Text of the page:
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Stanley Donwood, “Hole” (2001)
Stanley Donwood, “Hole” (2001)Christie’s Image Ltd. 2021

The apocalyptic artwork from Radiohead’s Kid-A is going on display

Thom Yorke is co-curating an exhibition with Stanley Donwood, the artist behind the band’s haunting album covers

Stanley Donwood, the artist behind Radiohead’s haunting, dystopian album artworks, is selling six large-scale paintings he created for the band’s seminal album, Kid-A. Alongside drawings, lyrics, and digital art made around this era in the band’s history, the paintings will go on display this autumn at Christie’s London headquarters in an exhibition co-curated by Thom Yorke and Donwood entitled How to Disappear Completely.

Released in October 200, Kid-A was created amid fevered turn-of-the-century anxieties. Donwood’s artwork, which he made in Radiohead’s studio – a converted barn where he worked alongside the band, immersed in the sound of the writing and recording of the album – perfectly distils the record’s year 2000 angst.  

In a statement about the upcoming show, the British artist recalled the frenetic period of creativity from which these artworks emerged: “Very late one night Thom and I were alone in the vast wastes of Oxfordshire, surrounded by darkness and trying to finish the artwork. It was impossible – we had made too much, too many pictures, and it was like being in a storm of ideas and drawings, paintings, and texts. We were exhausted and could no longer think clearly. We had lots of versions of the front cover, all with different pictures and different titles in different typefaces. We couldn’t work out which was the right one so we took them all downstairs and used tape to stick them to the cupboards and the fridge in the kitchen, hoping that in the morning the right cover and the right title would be obvious. And it was, and it was called Kid A.”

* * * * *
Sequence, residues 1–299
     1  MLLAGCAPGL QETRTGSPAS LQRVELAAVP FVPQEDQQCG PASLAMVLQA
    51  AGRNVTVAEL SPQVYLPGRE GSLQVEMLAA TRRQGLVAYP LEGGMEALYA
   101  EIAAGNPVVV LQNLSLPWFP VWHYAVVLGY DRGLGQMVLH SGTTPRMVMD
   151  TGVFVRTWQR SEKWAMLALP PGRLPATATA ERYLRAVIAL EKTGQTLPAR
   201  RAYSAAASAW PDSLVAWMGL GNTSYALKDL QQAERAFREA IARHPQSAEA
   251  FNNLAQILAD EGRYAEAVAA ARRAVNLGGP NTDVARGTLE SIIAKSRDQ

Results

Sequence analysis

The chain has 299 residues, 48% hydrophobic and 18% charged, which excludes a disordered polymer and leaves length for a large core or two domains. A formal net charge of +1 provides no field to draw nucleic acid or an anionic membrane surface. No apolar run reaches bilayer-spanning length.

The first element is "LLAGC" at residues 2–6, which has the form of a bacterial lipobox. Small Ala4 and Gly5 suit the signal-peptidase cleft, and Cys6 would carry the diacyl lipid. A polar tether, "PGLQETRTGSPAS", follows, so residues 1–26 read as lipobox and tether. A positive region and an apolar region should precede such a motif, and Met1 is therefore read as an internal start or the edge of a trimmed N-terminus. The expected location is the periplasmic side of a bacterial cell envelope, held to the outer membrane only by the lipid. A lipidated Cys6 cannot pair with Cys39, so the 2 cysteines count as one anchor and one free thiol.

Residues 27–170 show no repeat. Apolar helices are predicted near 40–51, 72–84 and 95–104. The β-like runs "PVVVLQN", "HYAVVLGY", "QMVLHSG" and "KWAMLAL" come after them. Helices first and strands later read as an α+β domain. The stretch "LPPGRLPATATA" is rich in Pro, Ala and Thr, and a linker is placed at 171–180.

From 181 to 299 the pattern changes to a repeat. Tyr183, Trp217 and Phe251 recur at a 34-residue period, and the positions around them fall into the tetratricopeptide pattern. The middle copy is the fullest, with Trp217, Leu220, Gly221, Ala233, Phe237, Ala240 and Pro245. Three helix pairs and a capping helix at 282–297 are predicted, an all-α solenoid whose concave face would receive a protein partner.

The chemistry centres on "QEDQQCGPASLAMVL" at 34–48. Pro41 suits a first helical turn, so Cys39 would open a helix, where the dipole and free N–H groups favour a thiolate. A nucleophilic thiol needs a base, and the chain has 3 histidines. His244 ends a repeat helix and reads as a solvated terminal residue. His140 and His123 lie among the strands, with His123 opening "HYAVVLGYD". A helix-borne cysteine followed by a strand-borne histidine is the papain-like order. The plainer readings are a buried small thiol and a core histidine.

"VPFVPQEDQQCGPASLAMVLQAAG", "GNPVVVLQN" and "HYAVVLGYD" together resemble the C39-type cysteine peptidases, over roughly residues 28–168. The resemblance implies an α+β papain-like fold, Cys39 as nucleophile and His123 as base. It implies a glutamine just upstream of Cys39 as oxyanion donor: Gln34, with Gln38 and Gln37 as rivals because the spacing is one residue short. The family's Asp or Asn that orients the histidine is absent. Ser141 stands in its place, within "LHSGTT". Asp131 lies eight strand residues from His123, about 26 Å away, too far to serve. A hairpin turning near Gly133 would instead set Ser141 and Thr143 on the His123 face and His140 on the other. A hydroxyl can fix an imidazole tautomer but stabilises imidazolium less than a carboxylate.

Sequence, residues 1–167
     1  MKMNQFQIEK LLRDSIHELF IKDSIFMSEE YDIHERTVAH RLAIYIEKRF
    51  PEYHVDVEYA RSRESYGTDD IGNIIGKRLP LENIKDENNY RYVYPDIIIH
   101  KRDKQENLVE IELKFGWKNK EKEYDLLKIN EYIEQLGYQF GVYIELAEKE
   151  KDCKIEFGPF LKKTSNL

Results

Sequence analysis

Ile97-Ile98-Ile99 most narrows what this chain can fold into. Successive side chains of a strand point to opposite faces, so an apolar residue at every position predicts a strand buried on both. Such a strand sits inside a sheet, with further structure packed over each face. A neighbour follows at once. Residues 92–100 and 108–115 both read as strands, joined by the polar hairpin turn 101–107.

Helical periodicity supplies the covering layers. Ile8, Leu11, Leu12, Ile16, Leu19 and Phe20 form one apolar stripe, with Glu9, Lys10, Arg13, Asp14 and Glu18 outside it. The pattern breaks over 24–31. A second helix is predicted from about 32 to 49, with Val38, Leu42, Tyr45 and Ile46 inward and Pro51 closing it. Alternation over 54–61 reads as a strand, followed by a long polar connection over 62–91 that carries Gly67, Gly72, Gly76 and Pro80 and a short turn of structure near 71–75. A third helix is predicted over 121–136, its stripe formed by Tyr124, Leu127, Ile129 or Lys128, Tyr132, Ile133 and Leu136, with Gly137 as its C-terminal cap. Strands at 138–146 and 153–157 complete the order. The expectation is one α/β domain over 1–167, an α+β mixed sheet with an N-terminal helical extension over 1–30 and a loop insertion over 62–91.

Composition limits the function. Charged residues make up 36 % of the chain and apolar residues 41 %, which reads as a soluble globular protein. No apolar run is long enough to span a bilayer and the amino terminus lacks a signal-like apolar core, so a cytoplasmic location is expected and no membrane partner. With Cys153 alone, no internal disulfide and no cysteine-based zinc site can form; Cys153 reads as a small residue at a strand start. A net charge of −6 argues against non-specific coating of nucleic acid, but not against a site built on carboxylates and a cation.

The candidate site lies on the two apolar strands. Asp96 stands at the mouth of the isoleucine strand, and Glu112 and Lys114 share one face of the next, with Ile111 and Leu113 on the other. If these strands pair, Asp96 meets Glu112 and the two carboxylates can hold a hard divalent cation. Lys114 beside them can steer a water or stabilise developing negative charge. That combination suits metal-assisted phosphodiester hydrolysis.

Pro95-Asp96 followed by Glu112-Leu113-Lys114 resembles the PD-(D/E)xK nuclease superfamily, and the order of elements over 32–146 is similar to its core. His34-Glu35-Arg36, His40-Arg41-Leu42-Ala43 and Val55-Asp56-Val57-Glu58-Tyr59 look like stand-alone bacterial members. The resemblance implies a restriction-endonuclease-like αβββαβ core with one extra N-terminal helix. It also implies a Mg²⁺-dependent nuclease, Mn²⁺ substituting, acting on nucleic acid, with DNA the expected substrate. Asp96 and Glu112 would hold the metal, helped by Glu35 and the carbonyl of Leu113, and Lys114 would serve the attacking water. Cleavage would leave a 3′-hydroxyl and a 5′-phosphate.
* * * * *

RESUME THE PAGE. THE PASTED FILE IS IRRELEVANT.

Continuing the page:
Donwood’s haunted, apocalyptic landscapes provide the perfect visual accompaniment to Kid A – a soundscape of millennial foreboding. Made between 1999-2001, the paintings take inspiration from German expressionism and feature a recurring motif of menacing triangular shapes which appear in the stark landscapes like barbed mountains, trees, or fangs. Donwood observed that the shapes are “jagged – almost like teeth, like the land has teeth”. 

While the works will be available to view online, Donwood emphasised that his huge, ice-bound, dystopian scenes should be viewed in person: “They are very textural painted with the edge of my boot, knives, and sticks. They are visceral works.”

Take a look at the gallery above for a glimpse of some of the artworks going on display. 

How to Disappear Completely, curated by Thom Yorke and Stanley Donwood, will be on display in Christie’s London headquarters from October 9 until October 15 2021